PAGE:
Woodside role could be on Sam Walsh's retirement agenda
The Australian Financial Review reports that outgoing Rio Tinto CEO Sam Walsh will move to his former home of Perth to begin life as a non-executive director, with sources suggesting he will be considered as a successor to long-serving Woodside Energy chairman Michael Chaney.
Woodside declined to comment on whether Walsh would be considered as a successor to Chaney, but Chaney has been in the chairman’s role for nine years and as such it is expected the board would have given some thought to succession planning.
Chaney retired as chairman of National Australia Bank in December, after taking the chairmanship at Wesfarmers a month earlier.
Walsh, who is 66 years old, is understood to have recently bought property in Perth.
Macquarie in the running for Hanking Gold’s IPO
Macquarie is believed to be in the box seat to win the right to manage the initial public offering of Chinese-backed Australian producer Hanking Gold Mining, ahead of what could be the largest local resources IPO in several years.
While no formal appointment has been made, The Weekend Australian understands that Macquarie’s Perth office has been earmarked for the role ahead of a possible spin-off later this year.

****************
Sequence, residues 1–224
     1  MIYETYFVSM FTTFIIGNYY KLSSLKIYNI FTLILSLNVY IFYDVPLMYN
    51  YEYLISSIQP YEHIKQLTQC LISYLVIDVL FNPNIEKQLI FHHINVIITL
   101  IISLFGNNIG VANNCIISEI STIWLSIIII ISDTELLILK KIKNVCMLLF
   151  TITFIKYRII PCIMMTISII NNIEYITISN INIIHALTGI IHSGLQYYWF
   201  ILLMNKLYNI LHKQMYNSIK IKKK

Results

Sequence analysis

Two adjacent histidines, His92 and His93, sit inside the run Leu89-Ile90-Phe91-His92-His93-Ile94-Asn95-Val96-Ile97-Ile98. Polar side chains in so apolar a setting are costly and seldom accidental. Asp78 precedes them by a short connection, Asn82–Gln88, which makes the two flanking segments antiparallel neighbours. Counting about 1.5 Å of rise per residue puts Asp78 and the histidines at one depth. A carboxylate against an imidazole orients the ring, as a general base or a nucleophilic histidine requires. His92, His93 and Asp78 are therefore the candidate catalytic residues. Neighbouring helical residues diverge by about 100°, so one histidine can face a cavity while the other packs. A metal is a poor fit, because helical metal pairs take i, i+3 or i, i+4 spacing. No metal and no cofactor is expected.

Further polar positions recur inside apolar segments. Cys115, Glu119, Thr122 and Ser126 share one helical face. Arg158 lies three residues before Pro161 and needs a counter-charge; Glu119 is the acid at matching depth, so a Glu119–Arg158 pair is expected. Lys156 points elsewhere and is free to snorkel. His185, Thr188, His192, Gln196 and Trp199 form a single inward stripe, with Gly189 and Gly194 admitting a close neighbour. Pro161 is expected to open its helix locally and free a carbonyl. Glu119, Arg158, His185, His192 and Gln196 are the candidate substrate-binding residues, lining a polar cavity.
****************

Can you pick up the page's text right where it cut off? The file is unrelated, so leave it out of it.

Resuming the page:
Hanking, which is owned by Hong Kong-listed China Hanking Holdings, operates the historic Southern Cross gold operations west of Kalgoorlie, which are forecast to produce 155,000 ounces of gold this year.
Rinehart’s Roy Hill bullish on iron ore prices
Gina Rinehart's Hancock Prospecting expects iron ore prices to remain above $US50 a tonne this year with robust demand from China boosting returns from the $10 billion Roy Hill mine, according to The Age.
Rinehart and senior Hancock executives will attend a ceremony in China on Thursday to mark the first supplies of ore to the country from Roy Hill.
The billionaire's most trusted lieutenant, Hancock executive director Tad Watroba, told Fairfax Media the iron ore market was likely to stabilise at current levels – after hitting a record low of $US38/t in December – as recent volatility subsides.
"We are hopeful it will stay around the $US55 to $US60 a tonne range for the rest of the year," Watroba said.